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Legal development at Gnarabup

THE Augusta Margaret River Shire is facing a compensation claim totalling $5.7 million in relation to the controversial development at Gnarabup Beach near Margaret River.

It’s understood the joint-venture proponent of the $30 million development, Mark Hohnen’s Gnarabup Beach Company, is seeking the compensation from the local shire in relation to past actions of the shire council.

“We’ve had a claim put in for $5.7 million from Mr Hohnen and he’s put that it is for injurious affection, alleging the council has cost him monies in the future,” Augusta Margaret River shire president Nick Dornan said.

The shire is currently seeking legal advice to ascertain whether an injunction can be obtained to put a stop to the earth works, including drainage and sewerage being undertaken on the site.

However, the shire admits promises and undertakings given by the WA Planning Commission, the previous council and the Court Government will make it difficult to prevent some type of development on the site.

“The proponent does have an expectation that there will be some level of development,” Mr Dornan said.

“The history of it stands as high as my desk.”

He said there should be some sort of low-key tourist development to avoid long and costly legal action.

Earthworks have begun on the coastal site, adjacent to the Margarets Beach Resort, following a decision by the WA Planning Commission to grant a subdivision approval.

There also are claims the development exceeds the lot allowance for Gnarabup set out in the town-planning scheme.

But the ambiguous nature of the town-planning scheme has only further muddied the waters.

It’s not just the coastline development that has got the locals concerned. Separate to the housing and tourism development at Gnarabup is a proposal for a 120-room lodge on a site north of the proposed coastal development.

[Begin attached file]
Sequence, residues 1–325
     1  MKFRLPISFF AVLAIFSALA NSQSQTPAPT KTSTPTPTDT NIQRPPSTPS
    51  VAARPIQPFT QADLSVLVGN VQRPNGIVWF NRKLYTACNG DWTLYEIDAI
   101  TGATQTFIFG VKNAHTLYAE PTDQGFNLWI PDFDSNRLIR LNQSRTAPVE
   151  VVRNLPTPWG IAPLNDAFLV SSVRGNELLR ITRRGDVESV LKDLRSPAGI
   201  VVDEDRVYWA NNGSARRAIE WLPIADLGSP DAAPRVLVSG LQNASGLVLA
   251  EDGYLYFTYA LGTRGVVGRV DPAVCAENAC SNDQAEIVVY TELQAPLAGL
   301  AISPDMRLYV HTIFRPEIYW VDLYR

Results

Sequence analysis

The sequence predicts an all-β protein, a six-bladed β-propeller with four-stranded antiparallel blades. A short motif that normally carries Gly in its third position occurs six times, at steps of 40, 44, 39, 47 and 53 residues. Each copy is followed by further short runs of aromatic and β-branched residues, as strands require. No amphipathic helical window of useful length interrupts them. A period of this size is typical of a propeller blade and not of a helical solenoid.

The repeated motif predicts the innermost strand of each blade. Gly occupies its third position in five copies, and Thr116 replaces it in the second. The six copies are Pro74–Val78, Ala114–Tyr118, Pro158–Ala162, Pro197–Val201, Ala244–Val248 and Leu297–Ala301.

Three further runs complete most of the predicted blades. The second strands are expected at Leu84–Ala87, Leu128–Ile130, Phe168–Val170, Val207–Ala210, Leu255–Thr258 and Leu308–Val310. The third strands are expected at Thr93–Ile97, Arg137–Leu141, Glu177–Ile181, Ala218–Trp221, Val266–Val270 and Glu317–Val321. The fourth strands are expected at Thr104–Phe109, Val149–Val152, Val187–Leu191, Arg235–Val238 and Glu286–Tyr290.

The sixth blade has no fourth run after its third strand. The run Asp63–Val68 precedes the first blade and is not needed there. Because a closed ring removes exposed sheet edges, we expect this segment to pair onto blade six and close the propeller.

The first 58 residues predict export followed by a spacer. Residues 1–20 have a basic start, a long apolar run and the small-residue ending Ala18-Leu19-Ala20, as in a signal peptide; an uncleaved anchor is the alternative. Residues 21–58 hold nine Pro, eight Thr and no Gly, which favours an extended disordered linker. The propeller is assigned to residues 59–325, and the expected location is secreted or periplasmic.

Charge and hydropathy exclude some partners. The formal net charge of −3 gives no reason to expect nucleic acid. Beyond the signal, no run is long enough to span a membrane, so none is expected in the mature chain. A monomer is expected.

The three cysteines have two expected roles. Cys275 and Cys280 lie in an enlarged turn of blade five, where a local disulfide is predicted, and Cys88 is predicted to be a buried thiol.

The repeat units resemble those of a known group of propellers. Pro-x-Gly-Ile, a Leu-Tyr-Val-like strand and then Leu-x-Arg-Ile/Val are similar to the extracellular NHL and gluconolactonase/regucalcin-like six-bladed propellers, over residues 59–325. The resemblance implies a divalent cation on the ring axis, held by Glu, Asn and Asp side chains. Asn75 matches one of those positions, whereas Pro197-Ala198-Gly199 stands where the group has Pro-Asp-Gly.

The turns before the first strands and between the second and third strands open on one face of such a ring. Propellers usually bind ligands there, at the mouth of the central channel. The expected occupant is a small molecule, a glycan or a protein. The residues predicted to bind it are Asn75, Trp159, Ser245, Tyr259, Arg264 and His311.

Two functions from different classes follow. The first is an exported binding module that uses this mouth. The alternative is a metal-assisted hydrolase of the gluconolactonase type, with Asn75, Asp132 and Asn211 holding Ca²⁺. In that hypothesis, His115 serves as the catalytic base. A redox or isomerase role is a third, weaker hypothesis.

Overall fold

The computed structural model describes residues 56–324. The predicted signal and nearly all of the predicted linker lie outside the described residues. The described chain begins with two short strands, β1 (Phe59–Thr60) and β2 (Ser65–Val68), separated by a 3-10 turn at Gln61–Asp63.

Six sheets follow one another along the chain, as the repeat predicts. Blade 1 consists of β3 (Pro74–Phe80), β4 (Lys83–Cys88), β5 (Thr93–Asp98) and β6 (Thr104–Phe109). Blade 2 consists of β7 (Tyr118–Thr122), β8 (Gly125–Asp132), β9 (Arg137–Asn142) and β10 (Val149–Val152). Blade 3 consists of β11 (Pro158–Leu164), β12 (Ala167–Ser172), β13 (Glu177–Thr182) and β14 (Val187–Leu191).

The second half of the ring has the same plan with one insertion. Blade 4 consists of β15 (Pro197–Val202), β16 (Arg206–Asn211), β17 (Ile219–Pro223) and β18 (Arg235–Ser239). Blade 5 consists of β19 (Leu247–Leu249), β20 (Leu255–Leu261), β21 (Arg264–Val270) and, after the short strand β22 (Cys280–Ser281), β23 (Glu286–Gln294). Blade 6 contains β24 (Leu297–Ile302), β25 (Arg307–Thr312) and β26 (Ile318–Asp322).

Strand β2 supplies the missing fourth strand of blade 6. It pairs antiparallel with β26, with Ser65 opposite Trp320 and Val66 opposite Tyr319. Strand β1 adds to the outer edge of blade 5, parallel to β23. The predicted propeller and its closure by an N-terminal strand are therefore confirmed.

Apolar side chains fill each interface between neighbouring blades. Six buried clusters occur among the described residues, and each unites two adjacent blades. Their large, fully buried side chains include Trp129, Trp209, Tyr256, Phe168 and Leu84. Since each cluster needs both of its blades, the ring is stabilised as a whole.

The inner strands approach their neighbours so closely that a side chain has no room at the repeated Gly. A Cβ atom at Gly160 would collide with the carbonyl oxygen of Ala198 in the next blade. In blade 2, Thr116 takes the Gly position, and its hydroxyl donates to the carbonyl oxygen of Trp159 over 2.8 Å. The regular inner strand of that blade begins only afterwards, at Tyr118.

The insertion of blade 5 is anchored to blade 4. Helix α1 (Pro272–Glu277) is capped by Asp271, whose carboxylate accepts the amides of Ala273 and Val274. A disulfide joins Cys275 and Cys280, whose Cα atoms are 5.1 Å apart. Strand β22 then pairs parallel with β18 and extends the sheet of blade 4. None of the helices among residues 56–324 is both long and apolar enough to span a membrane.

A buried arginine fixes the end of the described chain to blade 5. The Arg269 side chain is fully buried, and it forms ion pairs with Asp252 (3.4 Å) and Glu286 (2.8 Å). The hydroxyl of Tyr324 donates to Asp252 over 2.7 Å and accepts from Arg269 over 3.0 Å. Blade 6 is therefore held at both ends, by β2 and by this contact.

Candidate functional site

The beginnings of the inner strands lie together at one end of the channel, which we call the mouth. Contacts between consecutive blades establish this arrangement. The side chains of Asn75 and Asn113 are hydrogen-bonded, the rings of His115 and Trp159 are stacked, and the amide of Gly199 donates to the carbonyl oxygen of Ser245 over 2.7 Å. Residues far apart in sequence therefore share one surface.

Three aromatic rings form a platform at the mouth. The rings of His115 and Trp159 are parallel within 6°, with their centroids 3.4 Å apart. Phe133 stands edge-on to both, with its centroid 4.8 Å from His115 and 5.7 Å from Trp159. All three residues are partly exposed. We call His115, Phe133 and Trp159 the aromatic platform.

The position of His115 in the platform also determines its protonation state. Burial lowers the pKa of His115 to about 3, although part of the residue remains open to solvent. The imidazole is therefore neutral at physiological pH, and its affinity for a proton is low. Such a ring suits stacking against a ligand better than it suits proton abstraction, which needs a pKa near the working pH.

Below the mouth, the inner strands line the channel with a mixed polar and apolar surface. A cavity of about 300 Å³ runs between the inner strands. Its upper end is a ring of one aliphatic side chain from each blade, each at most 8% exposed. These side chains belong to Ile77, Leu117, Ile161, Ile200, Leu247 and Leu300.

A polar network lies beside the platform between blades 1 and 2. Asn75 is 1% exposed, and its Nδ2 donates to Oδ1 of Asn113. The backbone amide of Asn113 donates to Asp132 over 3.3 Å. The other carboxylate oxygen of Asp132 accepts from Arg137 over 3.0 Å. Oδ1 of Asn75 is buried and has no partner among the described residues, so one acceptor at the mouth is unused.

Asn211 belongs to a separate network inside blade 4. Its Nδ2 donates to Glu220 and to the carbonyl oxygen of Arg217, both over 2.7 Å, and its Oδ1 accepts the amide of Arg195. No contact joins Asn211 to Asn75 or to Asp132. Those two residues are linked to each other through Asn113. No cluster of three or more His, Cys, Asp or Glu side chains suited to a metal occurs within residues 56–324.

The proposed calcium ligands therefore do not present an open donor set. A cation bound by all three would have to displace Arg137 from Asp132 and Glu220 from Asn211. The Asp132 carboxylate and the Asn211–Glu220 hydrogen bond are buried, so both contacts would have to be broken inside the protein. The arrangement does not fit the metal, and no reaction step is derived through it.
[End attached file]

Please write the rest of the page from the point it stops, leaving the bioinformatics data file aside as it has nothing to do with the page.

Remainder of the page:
“The community are very unhappy with the lodge site. They believe it will be an eyesore and it’s right above the Gnarabup Cafe,” Mr Dornan said.

Local environmental lobby group the Leeuwin Conservation Group also has waded into the melee.

“It’s a pristine coastal heath on limestone and it’s in really good condition. It’s quite a complex eco-system with all sorts of different plants,” Leeuwin Conservation Group secretary Rod Whittle said.

The group is taking on the WA Planning Commission with the hope it can scuttle the Gnarabup Beach company development plans and get the subdivision approval revoked.

“The amazing thing is that without legitimate structural plans and whilst the structural plans were going through the council, the WA Planning Commission gave subdivision approval,” Mr Whittle said.

“The Leeuwin Conservation Group is legally challenging the WA Planning Commission’s conditional subdivision approval.”

State Planning and Infrastructure Minister Alannah MacTiernan has rejected calls for a judicial inquiry into the development and the clearing of land at Gnarabup, claiming there’s no basis for such an inquiry.

It’s understood Ms MacTiernan is travelling to Gnarabup to meet with stakeholders next week.

When the shire originally advertised the development for public comment it received more than 700 submissions claiming there should be no development on the site.

Based on these recommendations, the shire commissioners submitted a recommendation that the development not go ahead.

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